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Take Courage in the Lord
Wednesday after Epiphany
Immediately Jesus made his disciples get into the boat and go on ahead of him to Bethsaida, while he dismissed the crowd. After leaving them, he went up on a mountainside to pray. Later that night, the boat was in the middle of the lake, and he was alone on land. He saw the disciples straining at the oars, because the wind was against them. Shortly before dawn he went out to them, walking on the lake. He was about to pass by them, but when they saw him walking on the lake, they thought he was a ghost. They cried out, because they all saw him and were terrified. Immediately he spoke to them and said, “Take courage! It is I. Don’t be afraid.” Then he climbed into the boat with them, and the wind died down. They were completely amazed, for they had not understood about the loaves; their hearts were hardened.
Opening Prayer: Lord Jesus, please grant me a listening heart as I enter into this moment of prayer. May I be attentive to your word and to whatever light you wish to impart to me today.
- “Take Courage! It Is I”: The disciples had good reason to be afraid—it was a dark and stormy night, and they were in real danger of perishing. No wonder they didn’t recognize Jesus when he approached them! But instead of scolding them for their lack of faith, Jesus reassured them by announcing himself and telling them to take courage. Perhaps we also have experienced storms in our lives, moments of great fear and anxiety where we feel like we’re barely staying afloat. During these moments, the Lord addresses to us the very same words that he said to his disciples: “Take courage! It is I. Do not be afraid.”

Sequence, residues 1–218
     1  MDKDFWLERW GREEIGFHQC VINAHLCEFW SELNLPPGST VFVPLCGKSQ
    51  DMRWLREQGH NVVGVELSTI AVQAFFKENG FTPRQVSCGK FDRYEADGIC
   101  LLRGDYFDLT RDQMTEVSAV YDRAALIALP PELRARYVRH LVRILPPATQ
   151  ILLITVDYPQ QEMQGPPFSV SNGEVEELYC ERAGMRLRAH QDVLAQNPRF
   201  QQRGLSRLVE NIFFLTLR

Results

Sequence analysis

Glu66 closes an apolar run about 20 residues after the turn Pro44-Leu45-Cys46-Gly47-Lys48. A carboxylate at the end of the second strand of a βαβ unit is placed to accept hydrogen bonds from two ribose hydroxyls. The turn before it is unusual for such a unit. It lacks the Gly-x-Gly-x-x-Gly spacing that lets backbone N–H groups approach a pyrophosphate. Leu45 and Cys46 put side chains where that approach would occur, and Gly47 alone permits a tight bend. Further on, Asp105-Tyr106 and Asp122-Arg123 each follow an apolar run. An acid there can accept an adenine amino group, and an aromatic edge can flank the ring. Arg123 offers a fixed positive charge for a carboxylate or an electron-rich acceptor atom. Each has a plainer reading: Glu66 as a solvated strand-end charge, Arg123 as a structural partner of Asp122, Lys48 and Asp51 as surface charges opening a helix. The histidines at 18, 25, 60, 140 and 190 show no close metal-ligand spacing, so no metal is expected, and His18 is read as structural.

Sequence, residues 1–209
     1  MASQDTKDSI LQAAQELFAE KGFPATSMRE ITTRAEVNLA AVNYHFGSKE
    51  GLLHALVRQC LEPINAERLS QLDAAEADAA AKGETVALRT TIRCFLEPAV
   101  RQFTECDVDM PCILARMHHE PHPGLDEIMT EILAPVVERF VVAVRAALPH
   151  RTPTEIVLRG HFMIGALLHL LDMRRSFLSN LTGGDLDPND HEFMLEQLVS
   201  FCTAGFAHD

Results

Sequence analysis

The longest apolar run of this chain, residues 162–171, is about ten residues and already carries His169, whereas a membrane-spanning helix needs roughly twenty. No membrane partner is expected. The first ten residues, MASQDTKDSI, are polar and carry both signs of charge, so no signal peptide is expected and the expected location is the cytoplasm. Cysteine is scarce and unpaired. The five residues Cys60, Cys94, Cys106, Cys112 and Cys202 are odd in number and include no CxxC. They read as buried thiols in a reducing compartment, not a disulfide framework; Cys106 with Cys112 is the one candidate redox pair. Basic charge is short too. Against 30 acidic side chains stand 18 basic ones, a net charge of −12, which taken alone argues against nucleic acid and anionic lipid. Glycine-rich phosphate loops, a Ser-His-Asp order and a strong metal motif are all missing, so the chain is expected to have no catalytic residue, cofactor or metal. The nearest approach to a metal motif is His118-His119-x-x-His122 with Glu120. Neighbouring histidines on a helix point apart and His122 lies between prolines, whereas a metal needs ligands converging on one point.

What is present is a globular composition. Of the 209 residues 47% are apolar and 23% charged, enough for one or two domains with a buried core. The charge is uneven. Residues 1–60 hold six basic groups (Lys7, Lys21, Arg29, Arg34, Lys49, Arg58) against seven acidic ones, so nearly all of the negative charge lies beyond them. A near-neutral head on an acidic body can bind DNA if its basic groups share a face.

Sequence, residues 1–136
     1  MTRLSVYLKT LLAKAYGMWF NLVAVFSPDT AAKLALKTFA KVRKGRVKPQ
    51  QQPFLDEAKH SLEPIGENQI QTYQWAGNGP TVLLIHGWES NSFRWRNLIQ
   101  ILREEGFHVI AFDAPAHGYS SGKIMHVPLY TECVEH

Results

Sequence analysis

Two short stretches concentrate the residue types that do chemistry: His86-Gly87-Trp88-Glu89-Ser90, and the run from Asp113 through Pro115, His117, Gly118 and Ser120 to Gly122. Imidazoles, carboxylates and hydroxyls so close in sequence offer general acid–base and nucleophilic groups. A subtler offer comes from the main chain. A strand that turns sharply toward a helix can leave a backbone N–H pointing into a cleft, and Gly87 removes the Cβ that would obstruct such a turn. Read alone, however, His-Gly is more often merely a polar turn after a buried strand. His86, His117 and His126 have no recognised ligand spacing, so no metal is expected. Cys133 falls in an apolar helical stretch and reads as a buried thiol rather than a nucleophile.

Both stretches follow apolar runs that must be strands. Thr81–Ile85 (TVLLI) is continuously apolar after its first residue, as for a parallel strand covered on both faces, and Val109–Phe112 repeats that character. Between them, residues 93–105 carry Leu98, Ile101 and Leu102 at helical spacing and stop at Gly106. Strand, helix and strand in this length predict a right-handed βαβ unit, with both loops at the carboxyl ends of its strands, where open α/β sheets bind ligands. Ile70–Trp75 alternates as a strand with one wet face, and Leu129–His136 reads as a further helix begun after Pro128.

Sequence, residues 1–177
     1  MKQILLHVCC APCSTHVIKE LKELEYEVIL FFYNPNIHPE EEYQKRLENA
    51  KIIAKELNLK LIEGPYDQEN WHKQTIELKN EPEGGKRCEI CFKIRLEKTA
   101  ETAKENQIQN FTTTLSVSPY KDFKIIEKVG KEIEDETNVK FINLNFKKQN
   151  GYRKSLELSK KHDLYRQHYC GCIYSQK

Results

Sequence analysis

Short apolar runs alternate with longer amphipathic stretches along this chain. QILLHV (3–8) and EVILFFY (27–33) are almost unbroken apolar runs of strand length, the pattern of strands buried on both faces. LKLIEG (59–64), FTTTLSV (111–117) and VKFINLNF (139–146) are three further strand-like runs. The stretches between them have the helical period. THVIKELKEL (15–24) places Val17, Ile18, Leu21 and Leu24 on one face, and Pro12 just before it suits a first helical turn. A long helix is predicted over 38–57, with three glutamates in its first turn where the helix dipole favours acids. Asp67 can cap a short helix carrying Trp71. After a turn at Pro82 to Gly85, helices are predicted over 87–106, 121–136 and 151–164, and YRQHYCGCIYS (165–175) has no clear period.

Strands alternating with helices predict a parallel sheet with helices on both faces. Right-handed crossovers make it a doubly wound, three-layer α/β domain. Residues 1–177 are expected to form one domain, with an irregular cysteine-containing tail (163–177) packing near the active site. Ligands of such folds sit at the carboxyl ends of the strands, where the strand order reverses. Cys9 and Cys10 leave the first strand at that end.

- The Peace of Christ: According to the Gospel, the wind died down the moment Jesus climbed onto the boat. His mere presence was enough to calm the storm that had terrified the disciples so much. When we welcome Christ into our lives, one of the first gifts that he gives to us is peace—the peace that the world cannot give (John 14:27), a peace that stays with us even amidst the greatest storms. As Christians, we always have the opportunity to experience this peace, so long as we allow Christ to climb onto our boat and join us on life’s journey.
- Christ Softens Our Hardened Hearts: The disciples had witnessed two great miracles that day: first, the multiplication of the loaves and fish, and second, Jesus walking on water. And yet the Gospel says that they were not able to understand the significance of these miracles because “their hearts were hardened.” During difficult moments in our lives, we might feel the temptation to harden our hearts in order to protect ourselves from pain and suffering. We might become so overwhelmed by our own anxieties that we are unable to perceive or understand the miracles that Christ might already be performing in our lives. But as Our Lord says in Ezekiel 36:26, he can remove our “hearts of stone” and give us “hearts of flesh” so that we can remain open to him in faith, hope, and love, even in the midst of the most difficult trial.
Conversing with Christ: Lord, thank you for being with me during the storms that have passed in my life. Come into my heart today, that I may experience your peace—the peace that the world cannot give, and that no one can take away.
Resolution: Lord, today by your grace I will make a simple act of trust (“Jesus, I trust in you.”) whenever I encounter a trial or difficulty.
For Further Reflection: Another Gospel passage where Christ imparts his peace to his disciples is John 14:27. Read through it slowly and meditatively during a moment of prayer.
Kai Leal is a lay member of Regnum Christi who lives in Manila, Philippines. She delights in finding God in the little things, such as a good book, a cup of milk tea, and her pet dog.
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